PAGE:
Home > Personal Finance > 50 Things Millennials Can Do Now So They Can Retire at 65

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It seems like you’ll be punching a clock forever, right? Well, one day, you’ll likely stop spending 9 to 5 at a desk and will enjoy your golden years in retirement. But that’s assuming everything plays out nicely and you have enough money set aside to do so. Stressful, right?

Well, according to a 2016 Retirement Income Strategies and Expectations survey by Franklin Templeton Investments, 70% of millennials are stressed and anxious about saving for retirement. So if you’re one of the millennials who gets anxiety every time mom or dad brings up the importance of your retirement funds, take a deep breath.

We’ve got 50 easy-to-digest ways that can get you on the right track today so you’re ready to celebrate in style once your 65th birthday rolls around.

1. Start Now

“It’s never too late, and it’s never too early, to start saving for retirement,” Ty J. Young, CEO of Ty J. Young, Inc., a nationwide wealth management firm, said.

2. Don’t Fear Your Finances

“A healthy relationship with money is absolutely crucial,” Attila Morgan, Nuvision Credit Union’s manager of community engagement and public relations, said. If you shy away from planning for retirement, you’ll pay the consequences down the line.

3. Think About How Much You’ll Need

“It’s crucial that you know how much money you will need in retirement,” Roger Cowen, a retirement planner and owner of Cowen Tax Advisory Group in Hartford, Connecticut, said. This way, you’ll have an easier time figuring out an amount to save or invest. Don’t forget about inflation.

4. Pay Your Savings Account

There are bills that must be paid but you also need to pay yourself. This doesn’t mean buy something new — it means putting money aside for your future. As Warren Buffett said, “Don’t save what’s left after spending — spend what’s left after saving.”

5. Avoid the Couch Cushions

You won’t gain anything from hiding money under the mattress or in the couch cushion. Take that money to the bank. Sure, interest rates may not be high, but it’s still extra money you wouldn’t have had otherwise.

6. Make Sure You Have a Rainy Day Fund … 

Experts generally recommend having at least three months worth of expenses socked away for emergencies. The amount you’ll need will change over time, so make sure it stays at the level you’d need.

7. … & Only Withdraw in Emergencies

You’ll want to use your emergency fund for “unexpected events, rather than dipping into your retirement savings,” Chad Smith, wealth management strategist at HD Vest, a financial services firm in Irving, Texas, said.

8. Set Up Automatic Transfers

Having the money directly transferred will make [saving] easier,” Cowen said.

9. Avoid Duplicates

If you’re paying for multiple streaming services as well as cable, decide what you can cut. Same goes for multiple magazine subscriptions that you read online. Anywhere you’re doubling up, try to cut back.

10. Maintain Good Credit Card Habits

“Start small. Pay on time and pay of the balance in full at the end of each month,” Cowen said. This can help you maintain good credit.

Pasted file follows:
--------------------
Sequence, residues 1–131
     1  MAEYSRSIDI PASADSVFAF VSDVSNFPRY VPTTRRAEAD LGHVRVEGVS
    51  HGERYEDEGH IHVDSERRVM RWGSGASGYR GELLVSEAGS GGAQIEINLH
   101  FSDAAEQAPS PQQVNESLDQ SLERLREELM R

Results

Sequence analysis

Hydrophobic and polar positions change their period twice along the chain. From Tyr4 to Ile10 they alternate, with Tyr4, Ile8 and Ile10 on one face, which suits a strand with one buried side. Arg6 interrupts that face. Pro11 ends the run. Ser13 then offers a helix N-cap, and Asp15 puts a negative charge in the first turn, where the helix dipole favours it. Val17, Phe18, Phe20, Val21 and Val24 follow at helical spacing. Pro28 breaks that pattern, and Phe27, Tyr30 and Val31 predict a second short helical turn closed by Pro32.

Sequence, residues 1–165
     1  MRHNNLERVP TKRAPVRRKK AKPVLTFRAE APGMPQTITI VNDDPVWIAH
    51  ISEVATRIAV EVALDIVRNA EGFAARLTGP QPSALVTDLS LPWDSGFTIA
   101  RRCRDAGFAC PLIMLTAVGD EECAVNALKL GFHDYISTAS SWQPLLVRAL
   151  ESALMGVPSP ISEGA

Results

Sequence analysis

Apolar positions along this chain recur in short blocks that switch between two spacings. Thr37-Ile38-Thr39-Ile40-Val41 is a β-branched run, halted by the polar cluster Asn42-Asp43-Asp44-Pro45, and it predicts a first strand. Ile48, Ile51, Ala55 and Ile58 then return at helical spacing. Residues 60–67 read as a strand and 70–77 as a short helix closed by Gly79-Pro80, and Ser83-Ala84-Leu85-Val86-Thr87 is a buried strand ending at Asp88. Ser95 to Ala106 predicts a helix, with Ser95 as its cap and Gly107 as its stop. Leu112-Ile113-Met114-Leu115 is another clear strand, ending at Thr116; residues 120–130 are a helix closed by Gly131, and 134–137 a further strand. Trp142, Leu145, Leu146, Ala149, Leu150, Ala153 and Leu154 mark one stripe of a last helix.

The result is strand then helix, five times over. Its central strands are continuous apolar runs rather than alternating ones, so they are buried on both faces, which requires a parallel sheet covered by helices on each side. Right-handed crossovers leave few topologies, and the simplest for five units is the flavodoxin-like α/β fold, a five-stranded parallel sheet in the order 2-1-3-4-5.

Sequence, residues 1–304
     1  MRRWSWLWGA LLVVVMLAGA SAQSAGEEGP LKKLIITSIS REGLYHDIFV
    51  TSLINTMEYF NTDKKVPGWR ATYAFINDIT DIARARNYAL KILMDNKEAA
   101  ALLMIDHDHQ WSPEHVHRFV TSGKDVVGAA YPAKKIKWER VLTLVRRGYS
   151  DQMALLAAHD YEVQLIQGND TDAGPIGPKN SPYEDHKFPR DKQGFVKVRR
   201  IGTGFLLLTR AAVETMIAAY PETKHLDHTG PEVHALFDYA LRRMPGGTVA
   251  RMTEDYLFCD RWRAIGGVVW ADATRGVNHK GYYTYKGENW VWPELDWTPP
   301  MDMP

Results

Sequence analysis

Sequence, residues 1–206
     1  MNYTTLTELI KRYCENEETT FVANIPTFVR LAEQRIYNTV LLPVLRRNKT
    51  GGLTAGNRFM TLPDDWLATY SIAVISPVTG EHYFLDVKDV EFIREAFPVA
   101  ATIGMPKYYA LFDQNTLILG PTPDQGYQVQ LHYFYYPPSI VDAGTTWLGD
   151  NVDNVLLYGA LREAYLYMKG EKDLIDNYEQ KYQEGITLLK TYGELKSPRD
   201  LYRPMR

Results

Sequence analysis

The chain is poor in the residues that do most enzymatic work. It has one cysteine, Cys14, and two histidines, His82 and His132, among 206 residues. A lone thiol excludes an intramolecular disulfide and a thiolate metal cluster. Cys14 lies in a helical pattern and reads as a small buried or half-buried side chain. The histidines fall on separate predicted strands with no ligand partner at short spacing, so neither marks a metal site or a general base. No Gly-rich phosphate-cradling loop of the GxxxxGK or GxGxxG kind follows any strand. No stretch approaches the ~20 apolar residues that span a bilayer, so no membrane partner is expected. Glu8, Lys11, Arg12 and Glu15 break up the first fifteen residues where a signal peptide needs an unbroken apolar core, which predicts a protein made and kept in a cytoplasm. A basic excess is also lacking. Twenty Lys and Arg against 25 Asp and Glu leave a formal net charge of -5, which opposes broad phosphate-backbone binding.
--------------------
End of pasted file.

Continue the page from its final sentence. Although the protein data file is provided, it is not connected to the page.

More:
11. Monitor Your Credit Scores

“Know your credit score and monitor it often,” Marc Cenedella, CEO of career website Ladders, said. Having good credit can help you get better terms and conditions “when it comes to taking out a line of credit or mortgage, which will make a big difference in your ability to retire at 65.” (Not sure where your credit stands? Find out right here on Credit.com.)

12. Invest in the Stock Market

“I think millennials are making a big mistake by not investing,” James Goodnow, an attorney at Fennemore Craig in Phoenix, Arizona, said. “If you take a long-term horizon, the market is still a safe bet.”

13. Don’t Shy Away Entirely From Risks

“We as millennials are in a fortunate position,” Goodnow said. “Because of our age, we are able to weather storms in ways that investors from other generations cannot. If there is another dip or crash, we have time on our side to help us recover.”

14. Utilize Your Company Matching

“If you aren’t contributing enough to get the free match from your employer, you are throwing money away,” Cowen said.

15. Consider a Roth IRA

Roth accounts are not taxed if you make withdrawals after retiring. “Starting young is the key to retiring rich and the Roth account is the best way to accomplish this,” according to Adam Bergman, the president of IRA Financial Group.

16. A Little in Column A, a Little in Column B

“Do not put all of your eggs in one basket — diversification is key, ” Richard W. Rausser, senior vice president of client services at Pentegra Retirement Services in White Plains, New York, said.

17. Adjust When You Get a Raise

“Increase your 401K savings every time you get a pay raise, no matter what,” Rausser said.

18. Evaluate Your Portfolio Over Time

“As you accrue a larger portfolio, take your winnings off the table often,” Young said. This way, you aren’t leaving all you earn at risk.

19. Review Your Budget

Just like you check in on your portfolio, you’ll want to look at your personal finances. Young recommends you “review your finances every three months to determine where you can save.”

20. Avoid Early Withdrawals 

If you withdraw from your retirement plan before you’re at the qualifying age to do so, you’ll face a penalty and won’t benefit from this account the way you could.

21. Live Within Your Means

It’s important that you write down a budget to help you spend only what you can afford and prevent you from racking up credit card debt,” Cowen said.

22. Consider Heading Home